It is such a blessing and an honor to be part of this amazing show, and I cannot even begin to express how excited I am to have my works in the same space with such incredibly talented artists.

"Empty Nest" an original mixed media on canvas by SassyHat (Chasidy Hathorn) will be on exhibit at the Journeys of Women Art Show from September 9-17 at the McKinney Center in Jonesborough, Tennessee.

Empty Nest an original mixed media on canvas by SassyHat (Chasidy Hathorn) will be on exhibit at the Journeys of Women Art Show from September 9-17 at the McKinney Center in Historic Jonesborough, Tennessee.

When I began painting Empty Nest, I was trying to deal with my only child getting ready to move away to Emory & Henry College in Virginia. To be honest, I had no intention of ever showing this painting because it was filled with all of my emotions…tears…chaos. As I painted, I thought about how we nurture our children so that one day they will fly…they will leave the nest. But, the nest is never really empty. If you look closely, there is an imprint of that egg…that will never go away because of all of the love…because of all of the wonderful memories. Yes, it is very hard to let them go…to let them fly, but it is part of the natural process + how wonderful it is to see them soar!

Another painting in the "We Are All Stories" series--an original series by SassyHat featuring red barns and quilts

This 12″ x 12″ mixed media on canvas by SassyHat (Chasidy Hathorn) is part of the “We Are All Stories” series–an original series inspired by storytelling (especially Southern tales), red barns, quilts, and red barns with quilts.

“We are all stories in the end, so let’s make them good ones.” That statement pretty much sums up the We Are All Stories series and why I created it! I have always loved a good story. My blog was inspired by my love of porch sitting and storytelling + coffee drinking. So, I had no choice but to paint and create what I loved most. I wanted this series to be child-like…whimsical…a bit catawampus. I wanted it to be full of color…rich with texture…splashes of humor here and there. I wanted people to look at the red barn and remember a red barn they had seen as a kid or to remember playing in their grandparents’ barn…or remember when they worked at their parents’ barn…picking cotton or harvesting tobacco.  I wanted people to sit a spell and really look at these paintings…to read the words…to see the little details. My hope is they smile as they observe…that they will begin to tell a story about a barn or a quilt or their beloved grandmother.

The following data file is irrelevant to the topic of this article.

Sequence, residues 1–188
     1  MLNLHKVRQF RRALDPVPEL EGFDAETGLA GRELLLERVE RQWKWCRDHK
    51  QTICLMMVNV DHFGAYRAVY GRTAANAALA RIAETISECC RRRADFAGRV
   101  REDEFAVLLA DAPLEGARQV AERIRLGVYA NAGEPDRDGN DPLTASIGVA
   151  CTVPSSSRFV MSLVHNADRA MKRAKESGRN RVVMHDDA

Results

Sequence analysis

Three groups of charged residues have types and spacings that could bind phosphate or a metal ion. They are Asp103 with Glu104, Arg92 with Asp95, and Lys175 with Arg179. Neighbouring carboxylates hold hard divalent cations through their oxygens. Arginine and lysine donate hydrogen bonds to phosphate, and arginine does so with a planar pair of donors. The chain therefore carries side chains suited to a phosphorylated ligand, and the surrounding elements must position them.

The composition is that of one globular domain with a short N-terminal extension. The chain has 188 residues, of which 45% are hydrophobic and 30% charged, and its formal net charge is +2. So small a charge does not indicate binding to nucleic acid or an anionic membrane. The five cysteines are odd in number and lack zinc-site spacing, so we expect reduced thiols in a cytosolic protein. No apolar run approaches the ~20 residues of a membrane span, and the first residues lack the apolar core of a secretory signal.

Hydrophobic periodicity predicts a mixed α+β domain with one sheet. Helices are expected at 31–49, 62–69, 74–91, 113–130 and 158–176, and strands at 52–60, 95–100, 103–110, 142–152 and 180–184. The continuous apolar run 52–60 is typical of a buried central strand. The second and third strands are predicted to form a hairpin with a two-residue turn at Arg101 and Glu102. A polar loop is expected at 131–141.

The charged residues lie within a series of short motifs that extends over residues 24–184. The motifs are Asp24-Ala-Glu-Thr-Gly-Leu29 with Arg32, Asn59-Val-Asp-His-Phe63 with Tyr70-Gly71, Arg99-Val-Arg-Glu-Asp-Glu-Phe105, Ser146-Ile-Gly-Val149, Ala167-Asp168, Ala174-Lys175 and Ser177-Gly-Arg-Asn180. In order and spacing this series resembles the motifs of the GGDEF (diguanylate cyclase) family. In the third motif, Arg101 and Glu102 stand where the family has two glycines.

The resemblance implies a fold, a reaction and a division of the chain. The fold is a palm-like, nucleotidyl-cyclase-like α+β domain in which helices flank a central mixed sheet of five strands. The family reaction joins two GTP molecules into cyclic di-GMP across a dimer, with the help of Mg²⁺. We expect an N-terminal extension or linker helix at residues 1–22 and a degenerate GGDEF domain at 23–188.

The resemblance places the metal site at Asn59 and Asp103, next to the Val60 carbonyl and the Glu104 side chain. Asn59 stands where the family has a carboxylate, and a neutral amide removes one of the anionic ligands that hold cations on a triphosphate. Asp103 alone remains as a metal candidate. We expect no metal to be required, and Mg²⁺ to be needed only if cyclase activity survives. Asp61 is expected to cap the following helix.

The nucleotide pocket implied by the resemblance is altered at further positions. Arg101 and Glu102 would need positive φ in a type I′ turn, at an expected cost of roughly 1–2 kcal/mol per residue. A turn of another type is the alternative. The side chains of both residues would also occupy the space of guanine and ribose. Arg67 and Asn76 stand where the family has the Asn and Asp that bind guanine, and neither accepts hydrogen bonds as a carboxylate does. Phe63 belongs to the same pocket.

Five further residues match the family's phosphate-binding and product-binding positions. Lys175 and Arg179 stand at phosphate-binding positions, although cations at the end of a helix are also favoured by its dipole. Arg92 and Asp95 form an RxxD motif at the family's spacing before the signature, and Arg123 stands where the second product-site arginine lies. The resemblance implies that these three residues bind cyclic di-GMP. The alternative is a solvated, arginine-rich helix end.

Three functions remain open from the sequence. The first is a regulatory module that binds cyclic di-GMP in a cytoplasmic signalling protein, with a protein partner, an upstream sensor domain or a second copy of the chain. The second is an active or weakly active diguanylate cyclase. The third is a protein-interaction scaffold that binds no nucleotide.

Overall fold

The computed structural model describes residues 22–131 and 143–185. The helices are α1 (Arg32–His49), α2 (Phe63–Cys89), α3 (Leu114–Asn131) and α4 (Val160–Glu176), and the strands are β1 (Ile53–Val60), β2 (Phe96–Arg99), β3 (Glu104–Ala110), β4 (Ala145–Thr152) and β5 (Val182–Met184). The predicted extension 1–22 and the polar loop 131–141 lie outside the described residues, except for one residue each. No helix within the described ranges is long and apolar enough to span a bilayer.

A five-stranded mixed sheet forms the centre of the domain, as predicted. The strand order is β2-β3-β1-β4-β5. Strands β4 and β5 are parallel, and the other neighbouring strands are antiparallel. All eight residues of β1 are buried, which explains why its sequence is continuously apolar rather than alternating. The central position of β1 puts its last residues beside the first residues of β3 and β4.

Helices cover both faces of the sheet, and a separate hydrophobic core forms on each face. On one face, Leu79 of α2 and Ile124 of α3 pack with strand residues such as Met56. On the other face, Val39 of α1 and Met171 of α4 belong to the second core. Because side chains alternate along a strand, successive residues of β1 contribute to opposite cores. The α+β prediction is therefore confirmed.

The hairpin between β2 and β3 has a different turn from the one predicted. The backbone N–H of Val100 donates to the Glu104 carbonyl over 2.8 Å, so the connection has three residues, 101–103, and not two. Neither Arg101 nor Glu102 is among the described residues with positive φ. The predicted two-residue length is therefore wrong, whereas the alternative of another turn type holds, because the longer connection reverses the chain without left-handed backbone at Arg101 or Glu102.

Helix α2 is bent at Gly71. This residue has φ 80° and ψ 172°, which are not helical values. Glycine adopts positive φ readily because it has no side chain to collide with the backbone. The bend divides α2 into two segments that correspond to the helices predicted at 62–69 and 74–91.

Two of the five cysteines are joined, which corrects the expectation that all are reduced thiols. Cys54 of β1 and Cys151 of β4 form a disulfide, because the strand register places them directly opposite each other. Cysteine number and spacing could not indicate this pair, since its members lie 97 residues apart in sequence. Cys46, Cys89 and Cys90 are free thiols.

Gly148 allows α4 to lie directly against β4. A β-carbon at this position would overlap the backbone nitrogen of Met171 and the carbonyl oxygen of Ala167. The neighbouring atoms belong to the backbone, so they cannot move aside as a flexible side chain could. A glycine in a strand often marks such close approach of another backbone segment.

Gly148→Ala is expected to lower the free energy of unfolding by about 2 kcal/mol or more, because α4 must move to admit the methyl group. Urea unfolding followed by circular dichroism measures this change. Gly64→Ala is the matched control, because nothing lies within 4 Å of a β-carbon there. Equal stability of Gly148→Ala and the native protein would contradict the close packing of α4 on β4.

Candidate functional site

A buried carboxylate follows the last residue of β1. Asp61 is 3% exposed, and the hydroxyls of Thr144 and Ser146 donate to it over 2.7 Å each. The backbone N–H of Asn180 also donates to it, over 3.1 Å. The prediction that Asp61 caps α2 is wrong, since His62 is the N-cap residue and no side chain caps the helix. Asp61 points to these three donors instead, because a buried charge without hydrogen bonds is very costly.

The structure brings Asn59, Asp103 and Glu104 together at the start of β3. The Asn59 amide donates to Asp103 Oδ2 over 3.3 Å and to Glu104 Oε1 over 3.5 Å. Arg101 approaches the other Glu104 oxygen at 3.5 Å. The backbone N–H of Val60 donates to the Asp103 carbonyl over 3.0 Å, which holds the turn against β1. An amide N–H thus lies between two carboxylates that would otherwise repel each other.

Yes, as parents, we are all going to be empty nesters one day (that is our goal *wink*), and we are all  going to be stories in the end, so let’s make each and every moment count…let’s embrace each other…let’s take time to sit a spell and really talk and listen (that means putting down those phones, closing those laptops, and turning off the TV)…let’s make sure that our stories and our children’s stories are good ones *big smile*

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Thanks so much for sitting a spell with me today! I would love to hear your empty nest, barn, or quilt stories, so please feel free to share them with me in the comment section here or on Facebook because there is nothing better than good stories with great friends *smile*

Jonesborough Days 2016 Part One

This darling pup was taking a little break from all the festivities of Jonesborough Days.

This darling pup was taking a little break from all the festivities of Jonesborough Days.

Hey, y’all! Welcome to Sweet Sorghum Living–a place to sit a spell with a good cup of coffee (iced coffee) and enjoy good conversation about everything from gluten-free goodies to handmade goodness. Today on the blog, I am sharing photos from Jonesborough Days 2016 + a couple of SSL’s top picks from the arts & crafts vendors. There was so much awesomeness it can’t be all packed into one post, so come back tomorrow to see the rest!

Now, let’s take a little photo stroll while we sip on our coffee *big smile*

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Many were out and about exploring and shopping the booths at Jonesborough Days.

I loved how so many people dressed to celebrate America!

I loved how so many people dressed to celebrate America!

Music, food, arts & crafts, and even a hot pepper eating contest--Jonesborough Days was filled with fun activities for kids of all ages!

Music, food, arts & crafts, and even a hot pepper eating contest–Jonesborough Days was filled with fun activities for kids of all ages!

The store windows were filled with tributes to America. This is one of my favs.

The store windows were filled with tributes to America. This is one of my favs.